Dubai has announced the first test flight for its taxi drone, which saw the driverless flying transport service hover around 200 metres above the ground during a five-minute flight.
The taxi drone was designed by German company Volocopter, and resembles a two-seater helicopter topped by a hoop equipped with 18 propellers, designed for 30-minute flights at maximum.
The drone also comes with back-up batteries, rotors, and two parachutes in case of flight failures, and would involve building "voloports" from where passengers would embark and disembark the service.
The test flight took place as part of a ceremony for Dubai Crown Prince Sheikh Hamdan bin Mohammed. Following the trial, Volocopter CEO Florian Reuter said the company plans to launch the flying taxi service within five years.
"Implementation would see you using your smartphone, having an app, and ordering a volocopter to the next voloport near you. The volocopter would come and autonomously pick you up and take you to your destination," Reuter said.
"It already is capable of flying based on GPS tracks today, and we will implement full sense capability, also dealing with unknown obstacles on the way."
Dubai officials had in February announced plans to launch an autonomous drone passenger craft by July 2017.
Head of Dubai's Roads and Transportation Agency Mattar Al Tayer at the time said the EHang 184 drone -- introduced at the Consumer Electronics Show (CES) 2016 -- was undergoing test flights over the Burj al-Arab in Dubai.
The EHang 184 has a four-rotor design, and is capable of carrying up to 100kg, or one individual passenger with baggage. It is able to fly at a maximum of 100 miles an hour for 23 minutes at sea level, or 10 minutes at 62 miles an hour at a higher altitude.
Able to operate in an area of up to 50km, EHang originally announced plans to use the autonomous drone to transport organs with Lung Biotechnology last year.
Sheikh Mohammed bin Rashid Al Maktoum said last April that he envisions a quarter of all journeys to be driverless by 2030 in Dubai, with the UAE already using a driverless rail service transporting millions of passengers each year.
Middle Eastern company Careem will also begin testing its driverless electric pod vehicles in Dubai, it announced last month, as part of a collaboration with California-based NEXT Future Transportation.
Aircraft manufacturer Airbus is also working on its own flying taxi drone named Vahana, in May saying it should be commercially viable by 2020 depending on whether next-generation computing power has the ability to examine 4,000x3,000-pixel images from radar, lidar, and cameras and stitch them together to detect objects.
Vahana, which Airbus is hoping to test during 2017, is designed to travel at around 230km/h, Airbus A3 head of autonomous systems Arne Stoschek said, and will have to skirt airborne obstacles without the ability to apply brakes.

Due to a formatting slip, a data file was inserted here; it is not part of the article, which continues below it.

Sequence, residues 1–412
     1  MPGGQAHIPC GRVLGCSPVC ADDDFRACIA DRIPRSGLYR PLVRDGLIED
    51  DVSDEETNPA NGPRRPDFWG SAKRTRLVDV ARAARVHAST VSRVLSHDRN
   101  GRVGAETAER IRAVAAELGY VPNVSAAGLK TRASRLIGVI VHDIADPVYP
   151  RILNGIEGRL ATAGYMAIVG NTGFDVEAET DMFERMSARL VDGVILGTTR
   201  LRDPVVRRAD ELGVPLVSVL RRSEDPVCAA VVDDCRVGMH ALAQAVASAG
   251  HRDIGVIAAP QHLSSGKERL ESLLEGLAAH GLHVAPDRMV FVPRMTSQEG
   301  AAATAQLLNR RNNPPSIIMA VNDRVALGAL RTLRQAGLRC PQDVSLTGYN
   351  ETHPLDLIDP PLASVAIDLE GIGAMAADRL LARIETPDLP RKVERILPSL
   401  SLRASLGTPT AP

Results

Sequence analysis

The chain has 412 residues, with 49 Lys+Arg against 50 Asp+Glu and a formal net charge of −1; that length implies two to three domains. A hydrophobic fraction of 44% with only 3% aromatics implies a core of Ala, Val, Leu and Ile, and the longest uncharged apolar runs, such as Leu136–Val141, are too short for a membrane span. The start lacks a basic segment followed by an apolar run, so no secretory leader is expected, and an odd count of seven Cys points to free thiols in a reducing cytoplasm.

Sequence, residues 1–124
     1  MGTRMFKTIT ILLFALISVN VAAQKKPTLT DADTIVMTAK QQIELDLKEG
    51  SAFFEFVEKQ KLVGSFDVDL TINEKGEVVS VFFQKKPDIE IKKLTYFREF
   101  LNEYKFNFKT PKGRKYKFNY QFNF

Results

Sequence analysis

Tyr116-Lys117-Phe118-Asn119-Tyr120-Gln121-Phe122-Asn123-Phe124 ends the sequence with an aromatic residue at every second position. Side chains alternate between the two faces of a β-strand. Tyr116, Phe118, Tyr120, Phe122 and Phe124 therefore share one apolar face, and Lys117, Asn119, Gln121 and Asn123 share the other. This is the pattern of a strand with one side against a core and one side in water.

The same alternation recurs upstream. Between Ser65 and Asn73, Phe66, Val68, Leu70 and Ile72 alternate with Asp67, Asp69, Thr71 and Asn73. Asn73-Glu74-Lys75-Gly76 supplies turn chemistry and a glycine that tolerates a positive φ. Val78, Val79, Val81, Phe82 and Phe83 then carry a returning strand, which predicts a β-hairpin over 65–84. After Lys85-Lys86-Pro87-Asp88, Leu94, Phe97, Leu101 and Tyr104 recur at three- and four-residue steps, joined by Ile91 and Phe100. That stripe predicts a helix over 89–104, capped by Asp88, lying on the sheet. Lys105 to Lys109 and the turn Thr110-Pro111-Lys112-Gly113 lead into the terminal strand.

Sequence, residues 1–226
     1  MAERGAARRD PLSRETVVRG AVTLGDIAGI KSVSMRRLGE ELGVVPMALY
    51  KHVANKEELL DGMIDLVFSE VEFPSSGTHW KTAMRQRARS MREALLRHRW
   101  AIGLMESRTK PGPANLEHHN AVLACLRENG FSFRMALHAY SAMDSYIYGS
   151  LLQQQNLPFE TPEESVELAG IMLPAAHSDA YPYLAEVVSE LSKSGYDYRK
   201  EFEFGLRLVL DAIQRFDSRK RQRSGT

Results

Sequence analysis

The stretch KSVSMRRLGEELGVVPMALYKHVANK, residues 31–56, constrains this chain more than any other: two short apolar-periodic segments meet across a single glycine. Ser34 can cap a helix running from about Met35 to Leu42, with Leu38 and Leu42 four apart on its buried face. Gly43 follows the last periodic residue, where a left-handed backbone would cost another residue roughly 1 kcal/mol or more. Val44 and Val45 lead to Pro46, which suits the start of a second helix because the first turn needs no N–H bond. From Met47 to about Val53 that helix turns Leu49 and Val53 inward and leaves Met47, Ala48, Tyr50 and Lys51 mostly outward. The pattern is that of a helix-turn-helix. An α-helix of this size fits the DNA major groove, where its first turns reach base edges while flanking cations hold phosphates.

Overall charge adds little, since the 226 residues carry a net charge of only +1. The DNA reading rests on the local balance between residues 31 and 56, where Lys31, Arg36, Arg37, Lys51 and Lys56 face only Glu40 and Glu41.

"If we have an obstacle 500 metres away ... that's 10 seconds to impact. If we have something that is [approaching] with our own speed, closing speed of 100 metres per second, then we have five seconds to impact, which is not a lot of time," Stoschek said at the time.
"So we need to be both very accurate, and very fast."
Airbus will need an order of magnitude increase in CPU performance, memory, power usage, software, and hardware to handle the sheer amount of data involved, Stoschek said, and there will also have to be an overhaul in drone regulations, he added.
"We have a set of rules for cars that allows cars to be operated basically bumper-to-bumper, so you can pack a ton of cars [in]," he said.
"Currently in aerospace it is very, very different ... you need to have what is called a separation distance, [such that] you could operate one aircraft over the entire city of San Francisco.
"So obviously in aerospace, we need a new system of rules that allows us to pack a lot of aircraft into the sky."
Telstra CTO Håkan Eriksson had last week suggested that regulatory difficulties could be solved by treating drones as flying mobile phones and allowing network operators to offer a "drone-control-as-a-service" offering.
"What if we say every drone is like a flying mobile phone? Put a SIM card in them so they have identity, put the radio in so they can always talk to them, and then if a drone wants to take off it has to talk to a database where we put all the rules," Eriksson said.
Requirements such as how many drones are allowed to fly in a given area, what height they are allowed to travel at, what hours they are permitted to fly during, and how close they are allowed to be within certain buildings or people could be programmed into this database, Eriksson said.
Concerns about drones getting in the way of aircraft would also be addressed via the use of mobile networks, Eriksson told ZDNet, because coverage only extends to around 150m above ground level.
"The most useful use of drones is up to say maybe 100 metres. There's no point -- if it cannot deliver something, search for somebody, there's no point flying much higher, because that's where you see things. So up to that height, we have pretty good coverage with the mobile network ... and there are no planes there," he explained.